Editorial
The government's announcement of the Balochistan package has put to test not just the political leadership's resolve to give the long-denied constitutional rights to the province but also the Baloch people's patience with such promises.

context
Balochistan: 
A test of resolve
Why the Baloch are angry
No student of history will deny that the Baloch have taken up arms as a last resort and not the first one
By I. A. Rehman
Few things irritate the Balochistan nationalists more than the question by many interlocutors from outside the province as to what makes them angry with the central government and drives them towards armed struggle every few years. Such queries, in their view, betray a feigned ignorance of what has been done to them for six decades and an effort to deny the questioner's share of responsibility for it.

Ballistic exile
The Baloch leaders in self-exile say the package is mute on the "ruthless military operation" and other issues
By Murtaza Ali Shah
The true measure of what the government is up against in the context of the restive Balochistan province can be gauged from the extreme reaction the much-hyped Aghaz-e-Huqooq-e-Balochistan (AHB) has generated, on the part of the Baloch intelligentsia, at home and abroad. They have already dubbed the package as an exercise in futility because, in their opinion, it does not acknowledge the presence of the proverbial big elephant -- the military operation -- and the mushroom growth of military cantonments in the province, especially in Bugti and Marri heartlands.

review
Package deal
Balochistan would receive billions of rupees in additional funds which, if properly utilised, may be helpful in resuscitating the moderate elements
By Adnan Adil
As expected, the government's reform package aimed at defusing the ongoing tension within the province of Balochistan has not found favour with an overwhelming majority of Baloch leaders across the spectrum. While the separatist Baloch leaders have termed it a conspiracy against the nationalist movement, the federalist Baloch leaders are calling it inadequate. Their main grouse is that they were not taken into confidence while framing these proposals.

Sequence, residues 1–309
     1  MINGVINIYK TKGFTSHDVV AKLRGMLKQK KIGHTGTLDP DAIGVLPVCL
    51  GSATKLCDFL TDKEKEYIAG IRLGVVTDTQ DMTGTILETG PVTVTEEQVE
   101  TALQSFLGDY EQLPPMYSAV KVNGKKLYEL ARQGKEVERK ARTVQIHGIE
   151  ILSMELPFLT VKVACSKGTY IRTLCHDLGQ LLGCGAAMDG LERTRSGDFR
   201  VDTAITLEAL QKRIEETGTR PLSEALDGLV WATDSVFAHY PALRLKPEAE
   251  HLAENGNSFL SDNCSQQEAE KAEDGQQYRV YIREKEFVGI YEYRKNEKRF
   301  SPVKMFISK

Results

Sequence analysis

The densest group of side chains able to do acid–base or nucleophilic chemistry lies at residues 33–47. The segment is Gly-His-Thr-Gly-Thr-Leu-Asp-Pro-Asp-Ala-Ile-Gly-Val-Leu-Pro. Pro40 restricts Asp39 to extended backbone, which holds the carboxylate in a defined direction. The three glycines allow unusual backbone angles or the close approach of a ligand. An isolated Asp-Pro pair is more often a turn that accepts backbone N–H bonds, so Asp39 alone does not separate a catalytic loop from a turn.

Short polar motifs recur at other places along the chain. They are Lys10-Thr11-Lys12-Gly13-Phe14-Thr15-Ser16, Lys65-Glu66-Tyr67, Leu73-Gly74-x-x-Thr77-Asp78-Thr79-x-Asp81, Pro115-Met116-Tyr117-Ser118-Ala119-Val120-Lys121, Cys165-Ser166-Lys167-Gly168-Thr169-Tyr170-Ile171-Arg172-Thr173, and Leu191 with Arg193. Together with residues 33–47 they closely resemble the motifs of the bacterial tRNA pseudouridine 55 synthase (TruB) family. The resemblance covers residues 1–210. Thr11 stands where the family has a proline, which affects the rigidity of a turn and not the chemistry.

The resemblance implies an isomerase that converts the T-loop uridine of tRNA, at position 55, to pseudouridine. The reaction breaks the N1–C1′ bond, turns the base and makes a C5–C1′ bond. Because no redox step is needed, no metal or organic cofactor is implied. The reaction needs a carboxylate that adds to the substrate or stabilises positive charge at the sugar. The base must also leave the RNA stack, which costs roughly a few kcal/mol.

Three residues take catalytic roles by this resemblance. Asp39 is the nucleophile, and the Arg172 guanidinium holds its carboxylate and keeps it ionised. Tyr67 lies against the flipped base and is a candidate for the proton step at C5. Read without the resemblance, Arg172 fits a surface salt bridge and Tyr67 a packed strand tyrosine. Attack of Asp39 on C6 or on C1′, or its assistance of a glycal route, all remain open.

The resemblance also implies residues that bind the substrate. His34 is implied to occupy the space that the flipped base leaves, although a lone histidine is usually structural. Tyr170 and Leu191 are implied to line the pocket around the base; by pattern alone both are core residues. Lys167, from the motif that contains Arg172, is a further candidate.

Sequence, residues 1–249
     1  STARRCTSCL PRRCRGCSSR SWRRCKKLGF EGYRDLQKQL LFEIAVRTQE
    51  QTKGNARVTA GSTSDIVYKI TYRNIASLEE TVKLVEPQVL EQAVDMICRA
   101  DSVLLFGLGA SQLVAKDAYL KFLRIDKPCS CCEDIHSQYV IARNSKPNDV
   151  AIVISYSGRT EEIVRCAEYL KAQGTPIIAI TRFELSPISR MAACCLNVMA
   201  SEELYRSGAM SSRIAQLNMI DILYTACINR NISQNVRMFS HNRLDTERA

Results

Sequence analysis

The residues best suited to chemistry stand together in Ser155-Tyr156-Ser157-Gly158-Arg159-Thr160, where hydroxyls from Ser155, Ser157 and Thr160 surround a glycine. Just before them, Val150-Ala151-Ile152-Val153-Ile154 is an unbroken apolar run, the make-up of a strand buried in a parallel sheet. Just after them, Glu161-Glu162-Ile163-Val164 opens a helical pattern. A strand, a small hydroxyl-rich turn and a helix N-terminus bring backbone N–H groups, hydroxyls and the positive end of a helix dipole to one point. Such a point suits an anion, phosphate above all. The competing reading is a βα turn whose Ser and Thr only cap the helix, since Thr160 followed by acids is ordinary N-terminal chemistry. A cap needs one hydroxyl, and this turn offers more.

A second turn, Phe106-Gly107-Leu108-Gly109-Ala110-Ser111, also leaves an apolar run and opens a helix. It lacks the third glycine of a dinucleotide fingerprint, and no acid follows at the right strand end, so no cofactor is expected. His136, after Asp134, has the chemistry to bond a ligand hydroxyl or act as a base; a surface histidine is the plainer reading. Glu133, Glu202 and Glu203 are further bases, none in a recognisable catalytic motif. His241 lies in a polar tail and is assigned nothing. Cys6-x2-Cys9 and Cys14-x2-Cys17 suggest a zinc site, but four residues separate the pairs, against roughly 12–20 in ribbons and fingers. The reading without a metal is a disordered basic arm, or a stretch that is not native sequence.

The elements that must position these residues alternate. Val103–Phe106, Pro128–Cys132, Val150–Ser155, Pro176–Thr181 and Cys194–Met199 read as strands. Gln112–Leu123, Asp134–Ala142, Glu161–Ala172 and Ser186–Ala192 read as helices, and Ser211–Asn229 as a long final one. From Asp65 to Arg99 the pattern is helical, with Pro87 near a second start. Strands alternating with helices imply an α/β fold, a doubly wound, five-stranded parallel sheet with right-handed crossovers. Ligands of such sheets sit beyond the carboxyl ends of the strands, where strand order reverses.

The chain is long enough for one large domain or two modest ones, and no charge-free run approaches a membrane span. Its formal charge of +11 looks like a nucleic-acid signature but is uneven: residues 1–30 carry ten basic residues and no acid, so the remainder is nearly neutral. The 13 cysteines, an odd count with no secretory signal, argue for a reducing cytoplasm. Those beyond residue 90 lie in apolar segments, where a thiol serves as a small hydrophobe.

"Govt must announce general amnesty for all Balochs"
--Senator Waseem Sajjad
By Shahzada Irfan Ahmed
Leader of the Opposition in the Senate, Waseem Sajjad, who has headed a parliamentary committee on Balochistan in the past, terms the announcement of the Aghaz-e-Huqooq-e-Balochistan package as a step in the right direction, "provided certain issues are taken care of".

In the name of security
The presence of Police, FC, levies, coastal guards, etc, reflects political turmoil in the province
By Dr Ishtiaque Ahmed
Balochistan nationalist parties criticise the role of police, Frontier Corps (FC) and other law enforcement agencies on the issue of the missing people, which is one of the root causes of resentment of the people against the security agencies. The visible security apparatus, including police, FC, levies, coastal guards, etc, in Balochistan reflects the amount of political turmoil, lawlessness, and instability in the province. These issues have weakened the state.

Before it's too late
It is time the government addressed the grievances of the people of the province by ensuring a transparent and speedy implementation on the package clauses
By Muhammad Ejaz Khan
Constituting committees and announcing administrative or financial packages for redressing the six-decade old Balochistan grievances are not a new phenomenon. In retrospect, we find similar packages were announced by previous governments, but they came to a naught. All claims of development were exposed when the people of the province realised they were made just false promises.

Absolute minority
The Pakhtoons in Balochistan are left to suffer
By Raza Khan
Pakhtoons comprise nearly half of the population of Balochistan, but it seems that while announcing the Aghaz-e-Haqooq-e-Balochistan package the federal government overlooked their concerns.